Edible protein per unit area of land
Edible protein per unit area of land is a measure of agricultural productivity. This measure for various major foodstuffs is shown in the chart below. Values are expressed for one calendar year. Biological Values and usable protein values have been added to the chart to show the true relative value of each foodstock for human consumption. Usable protein values are determined by the Biological Value of each foodstuff and represent the amount of protein that is fully digested by humans, it is calculated as follows (Edible protein * Biological Value = Usable protein).
|Edible protein||Biological Value||Usable protein|
|Selected averages as computed in the 1970's|
The figures may be deceptive, because some of the edible protein produced by certain foodstuffs is actually not as "usable" as that produced by others. Protein is made up of a number of different amino acids, of which eight are essential. An imbalance between these amino acids can prevent the body's absorption and use of the protein. Because of this, not all protein is of the same quality--a fact which is not taken into account by the measure of edible protein per unit area of land. Different proteins have different Biological Values (BV), which signify the extent to which the body is able to digest and make use of the protein. Although egg is ranked relatively low on the list to the right, it is "a nearly perfect amino acid food" because whole egg traditionally has a BV of 100, although adjusted scales sometimes rank it lower. For that reason, it is often used to set the scale for judging the quality of protein. Likewise, the protein used in soy and legumes--two foodstuffs considered highly productive by this measure, actually have measurably lower BVs (74 and 49, respectively).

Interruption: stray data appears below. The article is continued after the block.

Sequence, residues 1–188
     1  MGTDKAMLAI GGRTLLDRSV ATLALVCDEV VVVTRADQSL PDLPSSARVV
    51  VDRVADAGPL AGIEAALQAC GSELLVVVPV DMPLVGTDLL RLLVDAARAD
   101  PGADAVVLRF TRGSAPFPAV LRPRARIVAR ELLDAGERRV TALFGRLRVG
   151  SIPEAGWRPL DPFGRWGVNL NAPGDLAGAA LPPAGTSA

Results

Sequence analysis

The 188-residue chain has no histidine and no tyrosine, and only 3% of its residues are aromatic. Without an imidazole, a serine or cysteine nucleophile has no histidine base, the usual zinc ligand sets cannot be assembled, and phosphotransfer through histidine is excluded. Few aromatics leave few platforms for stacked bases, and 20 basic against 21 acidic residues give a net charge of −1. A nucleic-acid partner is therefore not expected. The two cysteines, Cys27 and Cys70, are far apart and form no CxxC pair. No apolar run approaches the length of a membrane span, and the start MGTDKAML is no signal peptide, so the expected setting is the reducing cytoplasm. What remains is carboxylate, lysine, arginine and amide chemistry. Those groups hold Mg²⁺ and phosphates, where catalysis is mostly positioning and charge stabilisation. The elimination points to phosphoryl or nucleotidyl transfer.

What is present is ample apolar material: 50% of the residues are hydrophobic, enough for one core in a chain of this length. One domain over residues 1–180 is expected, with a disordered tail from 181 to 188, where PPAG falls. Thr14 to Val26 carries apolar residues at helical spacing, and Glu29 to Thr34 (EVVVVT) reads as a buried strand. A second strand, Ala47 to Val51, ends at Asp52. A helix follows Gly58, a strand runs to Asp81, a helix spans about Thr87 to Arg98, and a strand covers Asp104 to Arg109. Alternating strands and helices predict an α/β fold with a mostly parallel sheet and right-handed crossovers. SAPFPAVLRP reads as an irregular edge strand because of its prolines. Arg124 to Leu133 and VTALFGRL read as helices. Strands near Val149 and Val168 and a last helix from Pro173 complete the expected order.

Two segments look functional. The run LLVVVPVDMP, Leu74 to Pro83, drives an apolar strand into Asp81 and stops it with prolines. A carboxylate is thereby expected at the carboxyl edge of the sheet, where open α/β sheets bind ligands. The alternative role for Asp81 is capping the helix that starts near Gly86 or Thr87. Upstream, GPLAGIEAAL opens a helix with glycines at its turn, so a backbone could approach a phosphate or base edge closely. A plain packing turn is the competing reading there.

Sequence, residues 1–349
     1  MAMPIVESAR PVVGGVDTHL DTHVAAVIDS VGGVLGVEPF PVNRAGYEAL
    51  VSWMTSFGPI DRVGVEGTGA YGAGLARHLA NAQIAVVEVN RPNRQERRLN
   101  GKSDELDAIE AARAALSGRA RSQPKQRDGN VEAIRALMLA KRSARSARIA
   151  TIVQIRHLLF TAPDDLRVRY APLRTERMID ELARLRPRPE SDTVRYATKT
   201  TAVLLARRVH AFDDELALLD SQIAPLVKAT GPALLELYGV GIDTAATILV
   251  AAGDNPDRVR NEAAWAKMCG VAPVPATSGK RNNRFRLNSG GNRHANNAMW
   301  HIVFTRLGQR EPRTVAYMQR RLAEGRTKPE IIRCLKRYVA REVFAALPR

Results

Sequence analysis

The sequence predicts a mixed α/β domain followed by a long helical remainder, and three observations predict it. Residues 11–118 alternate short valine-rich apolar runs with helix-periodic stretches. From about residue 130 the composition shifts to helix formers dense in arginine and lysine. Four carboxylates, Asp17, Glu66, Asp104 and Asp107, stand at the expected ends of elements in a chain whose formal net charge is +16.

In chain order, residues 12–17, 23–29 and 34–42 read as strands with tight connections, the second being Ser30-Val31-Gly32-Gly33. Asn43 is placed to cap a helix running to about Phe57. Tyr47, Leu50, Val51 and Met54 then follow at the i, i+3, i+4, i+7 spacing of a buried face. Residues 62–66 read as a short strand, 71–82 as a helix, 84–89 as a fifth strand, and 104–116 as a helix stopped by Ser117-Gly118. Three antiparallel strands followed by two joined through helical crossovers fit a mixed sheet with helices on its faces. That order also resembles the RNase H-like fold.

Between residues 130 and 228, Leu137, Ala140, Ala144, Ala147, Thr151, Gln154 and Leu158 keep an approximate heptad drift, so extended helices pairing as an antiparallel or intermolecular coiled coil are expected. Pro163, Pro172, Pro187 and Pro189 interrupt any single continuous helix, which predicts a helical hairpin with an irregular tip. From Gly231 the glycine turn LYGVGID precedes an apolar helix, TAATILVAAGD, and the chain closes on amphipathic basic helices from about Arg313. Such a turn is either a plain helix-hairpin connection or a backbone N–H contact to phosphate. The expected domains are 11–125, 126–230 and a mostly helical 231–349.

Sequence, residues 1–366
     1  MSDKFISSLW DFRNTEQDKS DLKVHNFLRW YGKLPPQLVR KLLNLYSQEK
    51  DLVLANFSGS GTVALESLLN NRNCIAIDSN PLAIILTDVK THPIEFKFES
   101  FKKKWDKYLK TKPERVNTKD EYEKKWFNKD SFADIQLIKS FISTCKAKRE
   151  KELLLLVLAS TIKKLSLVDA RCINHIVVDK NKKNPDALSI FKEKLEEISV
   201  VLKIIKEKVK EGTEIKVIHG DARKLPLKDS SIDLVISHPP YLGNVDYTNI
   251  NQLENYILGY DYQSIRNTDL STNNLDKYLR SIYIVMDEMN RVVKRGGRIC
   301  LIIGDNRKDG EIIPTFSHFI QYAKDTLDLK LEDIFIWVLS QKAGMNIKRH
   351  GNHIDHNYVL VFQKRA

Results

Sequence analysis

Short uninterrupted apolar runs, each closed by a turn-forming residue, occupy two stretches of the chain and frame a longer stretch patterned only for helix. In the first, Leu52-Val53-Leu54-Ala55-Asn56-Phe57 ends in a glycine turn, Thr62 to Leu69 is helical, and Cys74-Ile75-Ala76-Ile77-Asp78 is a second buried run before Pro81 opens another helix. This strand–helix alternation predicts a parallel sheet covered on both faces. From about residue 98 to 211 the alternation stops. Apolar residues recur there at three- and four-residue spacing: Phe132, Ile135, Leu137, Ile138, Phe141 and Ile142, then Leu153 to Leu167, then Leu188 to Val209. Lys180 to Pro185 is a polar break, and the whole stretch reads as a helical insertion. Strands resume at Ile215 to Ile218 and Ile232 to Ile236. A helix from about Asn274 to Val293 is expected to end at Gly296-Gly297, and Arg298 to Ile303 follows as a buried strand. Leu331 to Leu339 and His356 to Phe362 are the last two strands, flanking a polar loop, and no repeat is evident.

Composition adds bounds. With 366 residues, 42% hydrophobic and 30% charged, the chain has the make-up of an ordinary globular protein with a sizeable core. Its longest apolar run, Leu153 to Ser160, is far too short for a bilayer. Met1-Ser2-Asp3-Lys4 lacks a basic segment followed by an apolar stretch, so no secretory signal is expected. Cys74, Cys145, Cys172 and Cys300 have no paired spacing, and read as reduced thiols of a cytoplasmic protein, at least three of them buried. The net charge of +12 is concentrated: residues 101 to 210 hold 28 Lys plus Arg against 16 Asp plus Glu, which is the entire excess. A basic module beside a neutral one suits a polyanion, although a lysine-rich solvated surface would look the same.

Protein is also just one of many nutrients, so it is impossible to use this one measure alone to say that one crop is more efficient use of land than another. For example, soybean would seem efficient using this measure--but they do not supply "all-important fat soluble vitamins D and preformed A (retinol) which act as catalysts for the proper absoprtion and utilization of all minerals and water soluble vitamins in the diet" and may in fact actually block the absorption of key nutrients with "anti-nutrients" like phytic acid.
It is also important to note that these numbers are averages computed in the 1970's. Different agricultural methods and improvements will yield a number which is different for each farm and each year. Additionally, different methods of food processing and cooking can alter the usability of a foodstuff's protein. For example, cooked eggs have slightly less digestible protein than raw eggs  and some common processing methods can make soy protein unusable.
- John Lobell (1981); The Little Green Book: A Guide to Self-Reliant Living in the 80's. Boston: Shambhala. ISBN 0-394-74924-3
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